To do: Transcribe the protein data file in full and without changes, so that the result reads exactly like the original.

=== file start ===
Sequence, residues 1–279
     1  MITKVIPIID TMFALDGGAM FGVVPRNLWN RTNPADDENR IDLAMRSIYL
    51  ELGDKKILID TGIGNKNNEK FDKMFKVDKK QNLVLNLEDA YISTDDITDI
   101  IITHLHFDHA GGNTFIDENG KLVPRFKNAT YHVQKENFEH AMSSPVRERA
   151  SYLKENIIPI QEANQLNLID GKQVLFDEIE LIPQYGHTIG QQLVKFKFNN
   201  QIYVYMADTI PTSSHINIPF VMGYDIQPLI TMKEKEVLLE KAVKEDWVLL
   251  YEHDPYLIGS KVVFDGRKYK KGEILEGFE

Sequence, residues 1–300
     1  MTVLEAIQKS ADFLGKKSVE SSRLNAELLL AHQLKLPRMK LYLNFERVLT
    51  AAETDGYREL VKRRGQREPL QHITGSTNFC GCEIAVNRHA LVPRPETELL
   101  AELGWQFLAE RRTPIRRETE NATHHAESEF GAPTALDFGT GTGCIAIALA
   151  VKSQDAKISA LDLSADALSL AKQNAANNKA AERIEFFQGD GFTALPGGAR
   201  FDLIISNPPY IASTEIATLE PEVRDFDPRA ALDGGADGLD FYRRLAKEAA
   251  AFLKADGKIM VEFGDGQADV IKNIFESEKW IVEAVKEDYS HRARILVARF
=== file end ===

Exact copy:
Sequence, residues 1–279
     1  MITKVIPIID TMFALDGGAM FGVVPRNLWN RTNPADDENR IDLAMRSIYL
    51  ELGDKKILID TGIGNKNNEK FDKMFKVDKK QNLVLNLEDA YISTDDITDI
   101  IITHLHFDHA GGNTFIDENG KLVPRFKNAT YHVQKENFEH AMSSPVRERA
   151  SYLKENIIPI QEANQLNLID GKQVLFDEIE LIPQYGHTIG QQLVKFKFNN
   201  QIYVYMADTI PTSSHINIPF VMGYDIQPLI TMKEKEVLLE KAVKEDWVLL
   251  YEHDPYLIGS KVVFDGRKYK KGEILEGFE

Sequence, residues 1–300
     1  MTVLEAIQKS ADFLGKKSVE SSRLNAELLL AHQLKLPRMK LYLNFERVLT
    51  AAETDGYREL VKRRGQREPL QHITGSTNFC GCEIAVNRHA LVPRPETELL
   101  AELGWQFLAE RRTPIRRETE NATHHAESEF GAPTALDFGT GTGCIAIALA
   151  VKSQDAKISA LDLSADALSL AKQNAANNKA AERIEFFQGD GFTALPGGAR
   201  FDLIISNPPY IASTEIATLE PEVRDFDPRA ALDGGADGLD FYRRLAKEAA
   251  AFLKADGKIM VEFGDGQADV IKNIFESEKW IVEAVKEDYS HRARILVARF